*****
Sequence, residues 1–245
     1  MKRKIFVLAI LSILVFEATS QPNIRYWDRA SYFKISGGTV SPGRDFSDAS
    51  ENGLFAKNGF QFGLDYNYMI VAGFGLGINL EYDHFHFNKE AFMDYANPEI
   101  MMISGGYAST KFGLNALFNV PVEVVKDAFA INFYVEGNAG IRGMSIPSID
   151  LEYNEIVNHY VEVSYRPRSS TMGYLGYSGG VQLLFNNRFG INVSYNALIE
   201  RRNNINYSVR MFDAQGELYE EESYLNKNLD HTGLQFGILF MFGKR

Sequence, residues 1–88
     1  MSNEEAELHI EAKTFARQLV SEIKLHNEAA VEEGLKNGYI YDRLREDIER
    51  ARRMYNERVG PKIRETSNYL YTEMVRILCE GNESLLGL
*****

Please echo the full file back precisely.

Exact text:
Sequence, residues 1–245
     1  MKRKIFVLAI LSILVFEATS QPNIRYWDRA SYFKISGGTV SPGRDFSDAS
    51  ENGLFAKNGF QFGLDYNYMI VAGFGLGINL EYDHFHFNKE AFMDYANPEI
   101  MMISGGYAST KFGLNALFNV PVEVVKDAFA INFYVEGNAG IRGMSIPSID
   151  LEYNEIVNHY VEVSYRPRSS TMGYLGYSGG VQLLFNNRFG INVSYNALIE
   201  RRNNINYSVR MFDAQGELYE EESYLNKNLD HTGLQFGILF MFGKR

Sequence, residues 1–88
     1  MSNEEAELHI EAKTFARQLV SEIKLHNEAA VEEGLKNGYI YDRLREDIER
    51  ARRMYNERVG PKIRETSNYL YTEMVRILCE GNESLLGL